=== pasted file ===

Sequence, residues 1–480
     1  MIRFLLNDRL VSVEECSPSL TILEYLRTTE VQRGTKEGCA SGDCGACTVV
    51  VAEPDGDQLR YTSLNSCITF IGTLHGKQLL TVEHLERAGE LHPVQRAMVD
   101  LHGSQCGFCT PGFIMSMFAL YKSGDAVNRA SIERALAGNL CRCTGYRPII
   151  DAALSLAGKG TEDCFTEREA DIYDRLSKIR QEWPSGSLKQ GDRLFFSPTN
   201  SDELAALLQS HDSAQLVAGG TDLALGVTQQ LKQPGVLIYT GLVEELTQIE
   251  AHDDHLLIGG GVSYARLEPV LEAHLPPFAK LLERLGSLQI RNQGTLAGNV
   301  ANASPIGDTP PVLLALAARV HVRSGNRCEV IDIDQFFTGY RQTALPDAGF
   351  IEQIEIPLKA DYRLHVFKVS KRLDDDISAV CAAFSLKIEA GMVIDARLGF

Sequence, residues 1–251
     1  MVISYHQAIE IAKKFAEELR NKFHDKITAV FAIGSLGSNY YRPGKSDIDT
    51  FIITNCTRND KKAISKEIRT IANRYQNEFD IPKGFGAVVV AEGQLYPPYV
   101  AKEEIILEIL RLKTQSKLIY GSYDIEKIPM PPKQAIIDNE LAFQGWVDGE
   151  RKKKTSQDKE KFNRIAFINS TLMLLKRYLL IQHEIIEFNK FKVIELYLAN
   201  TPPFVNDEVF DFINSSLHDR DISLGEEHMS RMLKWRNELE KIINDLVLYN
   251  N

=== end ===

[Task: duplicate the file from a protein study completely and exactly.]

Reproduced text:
Sequence, residues 1–480
     1  MIRFLLNDRL VSVEECSPSL TILEYLRTTE VQRGTKEGCA SGDCGACTVV
    51  VAEPDGDQLR YTSLNSCITF IGTLHGKQLL TVEHLERAGE LHPVQRAMVD
   101  LHGSQCGFCT PGFIMSMFAL YKSGDAVNRA SIERALAGNL CRCTGYRPII
   151  DAALSLAGKG TEDCFTEREA DIYDRLSKIR QEWPSGSLKQ GDRLFFSPTN
   201  SDELAALLQS HDSAQLVAGG TDLALGVTQQ LKQPGVLIYT GLVEELTQIE
   251  AHDDHLLIGG GVSYARLEPV LEAHLPPFAK LLERLGSLQI RNQGTLAGNV
   301  ANASPIGDTP PVLLALAARV HVRSGNRCEV IDIDQFFTGY RQTALPDAGF
   351  IEQIEIPLKA DYRLHVFKVS KRLDDDISAV CAAFSLKIEA GMVIDARLGF

Sequence, residues 1–251
     1  MVISYHQAIE IAKKFAEELR NKFHDKITAV FAIGSLGSNY YRPGKSDIDT
    51  FIITNCTRND KKAISKEIRT IANRYQNEFD IPKGFGAVVV AEGQLYPPYV
   101  AKEEIILEIL RLKTQSKLIY GSYDIEKIPM PPKQAIIDNE LAFQGWVDGE
   151  RKKKTSQDKE KFNRIAFINS TLMLLKRYLL IQHEIIEFNK FKVIELYLAN
   201  TPPFVNDEVF DFINSSLHDR DISLGEEHMS RMLKWRNELE KIINDLVLYN
   251  N